“How can we use our differences to grow?” Mohammadi asked them. “We talked about why being different is good and valuable,” she added.
The next exercise was to talk about their favorite things, such as colors, foods, and activities. Even with limited English, her Afghan student can start to envision what they’re discussing and get inspired. Next week she’ll instruct her students to go home and ask their parents about the origins and meanings of their own names.
These activities, she says, are the “basics that allow us to consider how we all share common experiences and bring ourselves together.”
Veteran anthologist and child and immigrant advocate Carolyn Rose-Avila concurs. In a 2019 blog titled “Help and Hope: Here Are Eight Ideas for Supporting Children Coming Out of Migrant Detention Centers,” she told ProgressReport.co that talking about flags of each student’s country of origin can also be a good icebreaker, one that allows them to take pride in the unique customs and lifeways of their people. This creates a door to the world in which educators and community organizers can then provide COVID-safe trips to local museums or engage students in virtual visits.
“Yes, they’re in a tough situation, you want to have time to hear what their fears and concerns are, but you don’t want to make this a horrible tragedy all the time,” she noted.
But even as this sharing of basic human experiences is important, traumatized children should be given physical or virtual space when they need to withdraw or check out, says Rose-Avila.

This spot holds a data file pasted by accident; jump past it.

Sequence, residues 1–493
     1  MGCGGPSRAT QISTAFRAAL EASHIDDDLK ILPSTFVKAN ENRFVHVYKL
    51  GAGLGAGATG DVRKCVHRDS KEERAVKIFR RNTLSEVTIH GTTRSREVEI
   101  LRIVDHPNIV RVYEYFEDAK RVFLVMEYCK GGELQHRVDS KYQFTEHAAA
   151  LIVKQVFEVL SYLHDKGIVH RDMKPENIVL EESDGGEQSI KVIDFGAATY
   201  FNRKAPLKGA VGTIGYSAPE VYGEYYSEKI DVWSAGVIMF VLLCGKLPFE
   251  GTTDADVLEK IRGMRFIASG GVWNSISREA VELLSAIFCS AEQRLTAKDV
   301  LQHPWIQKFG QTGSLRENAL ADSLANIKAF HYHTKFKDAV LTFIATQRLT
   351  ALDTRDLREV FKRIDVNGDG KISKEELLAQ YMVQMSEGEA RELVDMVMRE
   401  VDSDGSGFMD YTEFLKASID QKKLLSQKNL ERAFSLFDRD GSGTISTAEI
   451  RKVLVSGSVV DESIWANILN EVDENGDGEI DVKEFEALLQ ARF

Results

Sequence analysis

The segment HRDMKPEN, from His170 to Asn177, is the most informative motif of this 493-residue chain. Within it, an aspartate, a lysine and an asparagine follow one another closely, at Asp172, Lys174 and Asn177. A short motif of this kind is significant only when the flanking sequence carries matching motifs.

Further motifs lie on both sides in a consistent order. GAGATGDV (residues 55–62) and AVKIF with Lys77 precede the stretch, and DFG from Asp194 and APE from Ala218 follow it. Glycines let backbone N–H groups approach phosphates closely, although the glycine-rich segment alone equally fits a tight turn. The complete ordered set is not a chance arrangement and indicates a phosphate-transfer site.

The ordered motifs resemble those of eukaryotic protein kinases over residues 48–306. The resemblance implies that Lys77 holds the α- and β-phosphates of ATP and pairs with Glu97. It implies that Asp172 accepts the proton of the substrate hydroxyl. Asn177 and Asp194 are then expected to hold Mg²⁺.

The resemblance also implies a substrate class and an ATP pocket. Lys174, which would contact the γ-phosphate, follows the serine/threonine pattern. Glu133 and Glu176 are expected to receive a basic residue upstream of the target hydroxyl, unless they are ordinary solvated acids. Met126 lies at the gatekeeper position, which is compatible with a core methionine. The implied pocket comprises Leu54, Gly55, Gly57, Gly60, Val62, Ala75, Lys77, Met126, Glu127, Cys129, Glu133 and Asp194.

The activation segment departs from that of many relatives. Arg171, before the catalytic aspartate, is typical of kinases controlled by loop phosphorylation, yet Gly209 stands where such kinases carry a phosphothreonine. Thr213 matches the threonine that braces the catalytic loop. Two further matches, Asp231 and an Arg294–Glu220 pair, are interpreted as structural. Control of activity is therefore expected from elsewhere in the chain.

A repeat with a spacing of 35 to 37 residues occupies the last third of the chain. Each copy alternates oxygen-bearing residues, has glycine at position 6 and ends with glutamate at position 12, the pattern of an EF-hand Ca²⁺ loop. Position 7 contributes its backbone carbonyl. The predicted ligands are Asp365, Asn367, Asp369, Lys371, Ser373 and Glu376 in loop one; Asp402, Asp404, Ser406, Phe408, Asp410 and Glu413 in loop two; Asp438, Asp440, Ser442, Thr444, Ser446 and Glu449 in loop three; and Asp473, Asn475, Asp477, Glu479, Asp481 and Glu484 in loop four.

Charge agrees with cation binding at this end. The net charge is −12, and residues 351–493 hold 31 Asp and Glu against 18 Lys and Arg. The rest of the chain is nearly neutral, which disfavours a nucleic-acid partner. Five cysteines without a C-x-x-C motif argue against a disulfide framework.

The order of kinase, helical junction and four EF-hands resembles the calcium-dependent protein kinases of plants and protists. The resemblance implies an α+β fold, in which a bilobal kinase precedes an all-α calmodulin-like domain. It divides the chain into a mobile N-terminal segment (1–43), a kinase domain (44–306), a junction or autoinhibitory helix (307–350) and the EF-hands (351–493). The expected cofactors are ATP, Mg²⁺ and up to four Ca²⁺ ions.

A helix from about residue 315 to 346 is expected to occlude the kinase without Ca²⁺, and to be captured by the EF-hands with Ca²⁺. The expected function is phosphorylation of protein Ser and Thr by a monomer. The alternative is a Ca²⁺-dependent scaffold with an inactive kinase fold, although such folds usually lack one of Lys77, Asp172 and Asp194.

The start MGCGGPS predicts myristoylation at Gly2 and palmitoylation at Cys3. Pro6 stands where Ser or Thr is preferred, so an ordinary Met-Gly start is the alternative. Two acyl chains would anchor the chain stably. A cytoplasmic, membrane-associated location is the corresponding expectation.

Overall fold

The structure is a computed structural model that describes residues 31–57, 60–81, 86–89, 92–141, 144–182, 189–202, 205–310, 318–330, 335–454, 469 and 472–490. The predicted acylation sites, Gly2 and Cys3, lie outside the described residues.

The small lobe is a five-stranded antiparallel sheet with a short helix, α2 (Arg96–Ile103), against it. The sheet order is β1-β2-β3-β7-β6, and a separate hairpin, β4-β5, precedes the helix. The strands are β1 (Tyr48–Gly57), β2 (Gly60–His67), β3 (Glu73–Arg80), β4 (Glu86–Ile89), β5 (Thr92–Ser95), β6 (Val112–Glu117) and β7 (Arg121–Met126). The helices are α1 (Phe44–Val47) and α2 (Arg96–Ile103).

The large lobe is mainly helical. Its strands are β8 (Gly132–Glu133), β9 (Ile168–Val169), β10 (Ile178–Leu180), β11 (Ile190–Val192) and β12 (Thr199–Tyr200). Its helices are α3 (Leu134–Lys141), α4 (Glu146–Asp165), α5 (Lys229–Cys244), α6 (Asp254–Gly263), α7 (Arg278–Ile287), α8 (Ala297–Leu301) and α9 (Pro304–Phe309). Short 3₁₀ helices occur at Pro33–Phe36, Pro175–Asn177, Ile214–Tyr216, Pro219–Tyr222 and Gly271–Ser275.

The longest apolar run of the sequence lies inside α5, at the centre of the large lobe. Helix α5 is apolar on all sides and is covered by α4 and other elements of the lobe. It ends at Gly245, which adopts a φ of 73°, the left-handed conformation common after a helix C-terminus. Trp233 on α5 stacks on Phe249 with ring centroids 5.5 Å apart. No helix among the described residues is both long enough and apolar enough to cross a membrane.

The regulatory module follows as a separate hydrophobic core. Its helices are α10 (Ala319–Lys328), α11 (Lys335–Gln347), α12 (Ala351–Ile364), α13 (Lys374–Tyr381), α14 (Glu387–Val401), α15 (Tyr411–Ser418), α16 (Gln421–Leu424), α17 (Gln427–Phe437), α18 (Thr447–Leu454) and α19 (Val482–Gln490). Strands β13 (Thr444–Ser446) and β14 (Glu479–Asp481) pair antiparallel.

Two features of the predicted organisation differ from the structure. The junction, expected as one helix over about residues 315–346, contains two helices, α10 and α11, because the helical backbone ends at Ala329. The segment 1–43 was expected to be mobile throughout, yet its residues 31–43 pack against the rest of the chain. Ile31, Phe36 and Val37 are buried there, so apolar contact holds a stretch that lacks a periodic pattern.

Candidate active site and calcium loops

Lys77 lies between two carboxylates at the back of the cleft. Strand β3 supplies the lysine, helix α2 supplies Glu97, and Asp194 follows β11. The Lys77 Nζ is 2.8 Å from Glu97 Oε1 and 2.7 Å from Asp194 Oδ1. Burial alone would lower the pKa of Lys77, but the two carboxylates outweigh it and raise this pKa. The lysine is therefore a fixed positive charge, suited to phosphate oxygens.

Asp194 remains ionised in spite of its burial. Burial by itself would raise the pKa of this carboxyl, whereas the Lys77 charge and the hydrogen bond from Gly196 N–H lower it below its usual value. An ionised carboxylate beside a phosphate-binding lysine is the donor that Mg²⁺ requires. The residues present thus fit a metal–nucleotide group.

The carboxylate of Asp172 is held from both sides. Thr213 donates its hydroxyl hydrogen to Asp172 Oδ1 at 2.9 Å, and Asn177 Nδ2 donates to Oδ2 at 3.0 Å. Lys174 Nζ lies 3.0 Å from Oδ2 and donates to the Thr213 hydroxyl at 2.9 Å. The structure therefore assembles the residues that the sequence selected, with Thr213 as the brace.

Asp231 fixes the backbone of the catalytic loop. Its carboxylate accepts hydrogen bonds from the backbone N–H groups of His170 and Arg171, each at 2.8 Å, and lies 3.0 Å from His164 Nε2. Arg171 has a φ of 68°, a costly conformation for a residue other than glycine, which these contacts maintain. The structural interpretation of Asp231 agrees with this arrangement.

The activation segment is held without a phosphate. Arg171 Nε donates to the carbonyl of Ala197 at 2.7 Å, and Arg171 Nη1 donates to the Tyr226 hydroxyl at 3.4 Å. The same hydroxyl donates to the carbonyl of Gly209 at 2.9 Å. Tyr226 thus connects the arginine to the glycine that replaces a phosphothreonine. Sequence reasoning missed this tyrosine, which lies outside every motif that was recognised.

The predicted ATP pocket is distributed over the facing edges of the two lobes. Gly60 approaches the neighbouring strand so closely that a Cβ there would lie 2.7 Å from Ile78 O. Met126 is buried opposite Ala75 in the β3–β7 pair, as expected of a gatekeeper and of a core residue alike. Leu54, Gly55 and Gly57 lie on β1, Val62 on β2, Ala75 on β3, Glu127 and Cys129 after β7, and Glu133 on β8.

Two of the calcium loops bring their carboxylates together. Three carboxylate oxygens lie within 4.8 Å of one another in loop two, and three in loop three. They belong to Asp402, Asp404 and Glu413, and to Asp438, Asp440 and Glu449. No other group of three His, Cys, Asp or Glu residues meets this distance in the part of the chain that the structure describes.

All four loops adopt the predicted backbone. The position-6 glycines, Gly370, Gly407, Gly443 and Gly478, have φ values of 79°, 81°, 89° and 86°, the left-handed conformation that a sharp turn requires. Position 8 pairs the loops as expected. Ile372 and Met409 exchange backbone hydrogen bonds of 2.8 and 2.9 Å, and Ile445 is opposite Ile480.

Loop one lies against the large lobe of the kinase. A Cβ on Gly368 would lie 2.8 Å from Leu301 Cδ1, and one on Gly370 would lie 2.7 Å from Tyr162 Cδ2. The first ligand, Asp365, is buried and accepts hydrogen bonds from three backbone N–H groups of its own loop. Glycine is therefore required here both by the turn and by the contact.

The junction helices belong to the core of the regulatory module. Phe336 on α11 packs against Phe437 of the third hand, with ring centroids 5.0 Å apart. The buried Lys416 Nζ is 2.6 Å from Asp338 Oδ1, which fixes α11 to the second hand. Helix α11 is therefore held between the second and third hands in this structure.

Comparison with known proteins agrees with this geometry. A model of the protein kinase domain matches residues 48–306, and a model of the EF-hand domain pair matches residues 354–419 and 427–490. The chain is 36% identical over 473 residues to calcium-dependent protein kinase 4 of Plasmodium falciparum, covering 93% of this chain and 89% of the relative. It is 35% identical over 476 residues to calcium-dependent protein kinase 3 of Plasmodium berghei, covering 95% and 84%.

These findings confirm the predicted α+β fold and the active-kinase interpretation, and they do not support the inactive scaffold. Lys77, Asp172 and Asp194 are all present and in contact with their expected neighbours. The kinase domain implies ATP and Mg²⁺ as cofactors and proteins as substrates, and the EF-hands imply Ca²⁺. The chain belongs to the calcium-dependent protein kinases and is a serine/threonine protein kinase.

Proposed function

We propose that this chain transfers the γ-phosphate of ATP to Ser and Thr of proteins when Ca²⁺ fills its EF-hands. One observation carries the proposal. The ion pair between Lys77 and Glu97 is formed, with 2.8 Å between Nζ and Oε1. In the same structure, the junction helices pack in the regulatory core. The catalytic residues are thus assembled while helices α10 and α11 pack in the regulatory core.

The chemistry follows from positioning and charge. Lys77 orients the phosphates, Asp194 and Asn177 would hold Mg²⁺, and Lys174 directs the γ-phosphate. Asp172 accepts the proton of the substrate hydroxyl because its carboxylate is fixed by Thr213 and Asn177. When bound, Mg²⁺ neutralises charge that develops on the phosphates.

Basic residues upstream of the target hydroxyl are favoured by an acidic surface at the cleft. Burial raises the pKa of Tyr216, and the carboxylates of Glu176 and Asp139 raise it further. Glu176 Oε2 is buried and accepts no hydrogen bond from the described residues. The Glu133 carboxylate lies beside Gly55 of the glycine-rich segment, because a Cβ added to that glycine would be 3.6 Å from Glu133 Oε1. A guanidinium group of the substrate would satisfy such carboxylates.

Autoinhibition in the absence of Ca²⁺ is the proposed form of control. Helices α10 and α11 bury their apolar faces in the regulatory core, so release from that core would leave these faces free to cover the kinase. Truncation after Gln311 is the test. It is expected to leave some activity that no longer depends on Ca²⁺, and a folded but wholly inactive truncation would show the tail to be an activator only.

Now a migrant and refugee community organizer based in Atlanta, she drew from her work as the former director of Save the Children Latin America and the Caribbean in the 1990s and as the former Haiti director for World Vision in the mid-2000s.
“When you have this kind of a crisis, everyone is stressed out, the parents are stressed out, there’s no home, no water—you don’t want the children to have to constantly hear about this horrible situation, so I love the concept of the child-friendly space,” she told ProgressReport.co.
She suggested creating safe, fun corners within community centers, classrooms, or at home where children can spend some time distracting themselves from these stressors. This space could include colorful artwork, fun photos, stuffed animals, toys, games, or materials to make art projects.
Holding Space for Deeper Discussion
Sooner or later, tough, uncomfortable, and insensitive questions are bound to arise, notesUnidosUS Director of Parent Engagement Jose Rodriguez, who taught many refugee students, including Afghan children in schools in Texas.
“If they had names like Mohammed, sometimes other kids would ask ‘are you a terrorist?’” he recalls.
If a student was from a country like Rwanda or Burundi, classmates might ask about genocide, or one from Central America might be asked about gang violence. Now, with the return of the Taliban to Afghanistan, students are sure to ask questions about Muslim extremism, gender discrimination, and maybe even U.S. foreign policy.
“Kids are very curious, and they’re all feeling a bit traumatized by what they hear on the news,” Rodriguez explains.